International Monetary Fund Managing Director Kristalina Georgieva speaks at a press conference in Washington D.C., on March 4, 2020.
Liu Jie | Xinhua | Getty Images
The coronavirus pandemic has created an economic crisis “like no other” — one that is “way worse” than the 2008 global financial crisis, the International Monetary Fund’s top official said Friday.
“Never in the history of the IMF have we witnessed the world economy come to a standstill,” Kristalina Georgieva, managing director of the IMF, said at a news conference.
Speaking at the World Health Organization’s headquarters in Geneva, Georgieva said that this was “humanity’s darkest hour, a big threat to the whole world and it requires from us to stand tall, be united and protect the most vulnerable of our citizens.”
She said the IMF is working with the World Bank and other international financial institutions to alleviate the economic fallout from the outbreak, which has infected more than 1 million people in almost every country across the world, and killed more than 55,000 people.
Georgieva said the IMF is encouraging central banks in developed countries to support emerging markets and developing countries.
“Our main preoccupation in this crisis is to rapidly step up financing for countries, especially emerging markets, developing countries that are faced with very significant and growing needs,” Georgieva said.
The IMF has a $1 trillion war chest, she said, adding “we are determined to use as much of it as necessary.”
More than 90 countries so far have applied for assistance from those funds, she said.
“We have never seen ever such a growing demand for emergency financing,” Georgieva said.
She urged countries that tap that financing to use it to pay doctors, nurses and other health-care workers as well as for other health-care needs.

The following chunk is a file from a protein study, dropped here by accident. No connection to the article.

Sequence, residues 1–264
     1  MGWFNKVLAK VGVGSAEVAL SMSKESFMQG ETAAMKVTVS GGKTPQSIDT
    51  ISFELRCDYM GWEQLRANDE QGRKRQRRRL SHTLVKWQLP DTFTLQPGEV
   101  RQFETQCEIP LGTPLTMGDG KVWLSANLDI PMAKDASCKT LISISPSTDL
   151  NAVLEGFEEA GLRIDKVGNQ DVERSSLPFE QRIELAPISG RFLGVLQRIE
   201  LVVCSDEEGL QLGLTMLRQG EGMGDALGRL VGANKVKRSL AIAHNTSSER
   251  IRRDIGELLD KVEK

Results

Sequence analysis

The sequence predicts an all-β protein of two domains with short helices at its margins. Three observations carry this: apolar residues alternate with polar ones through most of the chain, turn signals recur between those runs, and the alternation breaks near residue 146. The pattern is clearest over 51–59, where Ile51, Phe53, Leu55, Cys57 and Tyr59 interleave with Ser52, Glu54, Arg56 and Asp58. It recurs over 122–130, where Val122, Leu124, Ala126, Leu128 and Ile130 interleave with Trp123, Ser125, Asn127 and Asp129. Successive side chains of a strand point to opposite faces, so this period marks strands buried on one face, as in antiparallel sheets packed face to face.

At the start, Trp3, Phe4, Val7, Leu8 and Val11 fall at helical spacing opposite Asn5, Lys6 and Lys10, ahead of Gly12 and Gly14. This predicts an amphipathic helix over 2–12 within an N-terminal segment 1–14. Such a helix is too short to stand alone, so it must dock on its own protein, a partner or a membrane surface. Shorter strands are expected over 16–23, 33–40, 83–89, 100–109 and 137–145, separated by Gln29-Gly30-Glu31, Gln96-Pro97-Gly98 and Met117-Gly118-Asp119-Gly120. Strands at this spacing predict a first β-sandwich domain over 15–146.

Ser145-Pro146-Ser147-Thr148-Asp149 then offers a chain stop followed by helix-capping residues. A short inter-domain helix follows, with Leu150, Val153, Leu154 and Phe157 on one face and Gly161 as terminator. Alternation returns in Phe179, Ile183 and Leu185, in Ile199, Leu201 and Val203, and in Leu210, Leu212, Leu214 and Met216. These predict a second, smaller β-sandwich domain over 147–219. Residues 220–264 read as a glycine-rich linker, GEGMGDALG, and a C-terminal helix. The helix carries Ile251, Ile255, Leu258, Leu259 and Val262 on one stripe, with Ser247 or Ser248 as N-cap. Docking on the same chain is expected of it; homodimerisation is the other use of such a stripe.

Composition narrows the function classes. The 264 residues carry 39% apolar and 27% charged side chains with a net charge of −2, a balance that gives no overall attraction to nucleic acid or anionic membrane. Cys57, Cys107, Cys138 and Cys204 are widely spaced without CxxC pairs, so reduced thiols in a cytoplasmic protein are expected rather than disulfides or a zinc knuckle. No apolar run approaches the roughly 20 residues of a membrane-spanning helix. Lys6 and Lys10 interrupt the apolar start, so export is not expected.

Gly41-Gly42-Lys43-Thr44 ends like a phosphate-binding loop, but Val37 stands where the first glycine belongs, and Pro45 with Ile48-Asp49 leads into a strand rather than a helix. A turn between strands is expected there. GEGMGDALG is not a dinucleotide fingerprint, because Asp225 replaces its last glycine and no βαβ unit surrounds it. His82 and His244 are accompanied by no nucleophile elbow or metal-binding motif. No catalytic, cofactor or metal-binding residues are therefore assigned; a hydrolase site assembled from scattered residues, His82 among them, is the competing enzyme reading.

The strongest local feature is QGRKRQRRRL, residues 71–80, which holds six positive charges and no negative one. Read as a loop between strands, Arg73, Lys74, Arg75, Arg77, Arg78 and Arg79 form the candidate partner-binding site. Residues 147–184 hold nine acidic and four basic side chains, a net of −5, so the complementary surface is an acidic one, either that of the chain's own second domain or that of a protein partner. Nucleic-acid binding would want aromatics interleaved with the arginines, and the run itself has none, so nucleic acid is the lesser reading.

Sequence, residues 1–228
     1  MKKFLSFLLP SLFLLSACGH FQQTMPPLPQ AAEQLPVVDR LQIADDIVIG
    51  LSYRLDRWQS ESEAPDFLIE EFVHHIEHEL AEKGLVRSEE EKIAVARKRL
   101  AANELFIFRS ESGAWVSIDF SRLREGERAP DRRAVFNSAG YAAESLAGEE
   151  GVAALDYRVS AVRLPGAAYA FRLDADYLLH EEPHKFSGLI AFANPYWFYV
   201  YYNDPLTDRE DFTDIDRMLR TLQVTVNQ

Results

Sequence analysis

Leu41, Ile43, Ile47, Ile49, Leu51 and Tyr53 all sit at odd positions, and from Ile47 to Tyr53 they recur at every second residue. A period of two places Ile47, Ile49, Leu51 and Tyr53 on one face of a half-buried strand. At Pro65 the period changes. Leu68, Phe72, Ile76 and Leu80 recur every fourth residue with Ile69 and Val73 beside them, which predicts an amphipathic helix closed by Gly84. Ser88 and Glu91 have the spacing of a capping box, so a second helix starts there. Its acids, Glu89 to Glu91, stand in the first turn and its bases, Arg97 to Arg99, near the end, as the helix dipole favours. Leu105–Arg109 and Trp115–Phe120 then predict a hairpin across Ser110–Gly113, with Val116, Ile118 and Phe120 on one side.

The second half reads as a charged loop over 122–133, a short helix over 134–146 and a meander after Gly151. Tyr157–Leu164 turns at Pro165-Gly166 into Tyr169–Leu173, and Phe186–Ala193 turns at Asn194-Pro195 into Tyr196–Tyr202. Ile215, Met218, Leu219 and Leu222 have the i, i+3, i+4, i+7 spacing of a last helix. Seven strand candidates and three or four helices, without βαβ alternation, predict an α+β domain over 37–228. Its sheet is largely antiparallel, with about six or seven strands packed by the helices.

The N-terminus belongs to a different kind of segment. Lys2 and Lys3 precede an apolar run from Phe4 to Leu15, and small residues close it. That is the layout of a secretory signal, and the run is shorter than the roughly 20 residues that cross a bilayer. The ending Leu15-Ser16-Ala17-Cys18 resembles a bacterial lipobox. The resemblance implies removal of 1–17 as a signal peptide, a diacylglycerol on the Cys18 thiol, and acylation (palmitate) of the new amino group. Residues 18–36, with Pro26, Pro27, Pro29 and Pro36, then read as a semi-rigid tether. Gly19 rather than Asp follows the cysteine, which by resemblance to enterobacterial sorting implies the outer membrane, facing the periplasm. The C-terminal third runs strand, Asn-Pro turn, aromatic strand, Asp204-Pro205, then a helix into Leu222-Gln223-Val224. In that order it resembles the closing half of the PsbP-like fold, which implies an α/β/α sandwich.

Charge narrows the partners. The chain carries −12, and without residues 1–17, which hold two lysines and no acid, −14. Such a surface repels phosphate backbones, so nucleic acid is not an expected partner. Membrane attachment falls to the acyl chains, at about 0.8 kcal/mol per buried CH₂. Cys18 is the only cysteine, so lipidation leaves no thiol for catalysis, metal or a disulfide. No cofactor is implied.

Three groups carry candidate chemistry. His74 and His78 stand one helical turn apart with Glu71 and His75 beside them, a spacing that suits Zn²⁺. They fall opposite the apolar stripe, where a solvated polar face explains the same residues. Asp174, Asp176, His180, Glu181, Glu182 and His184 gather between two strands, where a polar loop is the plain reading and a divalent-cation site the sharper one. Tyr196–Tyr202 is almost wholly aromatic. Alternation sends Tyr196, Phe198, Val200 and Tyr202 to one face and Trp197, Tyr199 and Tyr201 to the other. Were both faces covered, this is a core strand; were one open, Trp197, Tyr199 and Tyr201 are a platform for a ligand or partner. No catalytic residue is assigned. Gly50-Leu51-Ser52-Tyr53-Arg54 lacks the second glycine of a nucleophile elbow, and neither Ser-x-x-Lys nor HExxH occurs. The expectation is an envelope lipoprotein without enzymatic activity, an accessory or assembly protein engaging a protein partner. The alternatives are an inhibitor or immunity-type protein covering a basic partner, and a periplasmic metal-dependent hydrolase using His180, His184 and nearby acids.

At the same news conference, WHO Director-General Tedros Adhanom Ghebreyesus warned that countries which lift quarantine restrictions designed to contain the coronavirus too quickly risk seeing an “even more severe and prolonged” economic downturn.
“We are all aware of the profound social and economic consequences of the pandemic,” Tedros said.
“Ultimately the best way for countries to end restrictions and ease their economic effects is to attack the virus,” he said.
Georgieva said that developing economies have been hardest hit by the outbreak, and often have fewer resources to protect themselves from the economic fallout.
“We know that in many countries health systems are weak,” she said.
Compounding the harm, she said, is “a flight to safety” by investors who are pulling their money out of vulnerable countries as the outbreak spreads.
Nearly $90 billion in investments have “flown out” of emerging economies during the outbreak, she said.
Georgieva noted that, “This is way more than during the global financial crisis, and some countries are highly dependent on commodities exports. With prices collapsing, they are hit yet again.”
“The same way that the virus hits vulnerable people with medical preconditions hardest, the economic crisis hits vulnerable economies the hardest,” she said.
At the end of the news conference, she said, “My closing message is we will get through this, but how fast and how effectively will depend a lot upon the actions we take.”
Dr. Mike Ryan, executive director of the WHO’s health emergencies program, said that world leaders need to build up their public health systems “if we’re going to get out of an interminable cycle of economically punishing lockdowns and shutdowns.”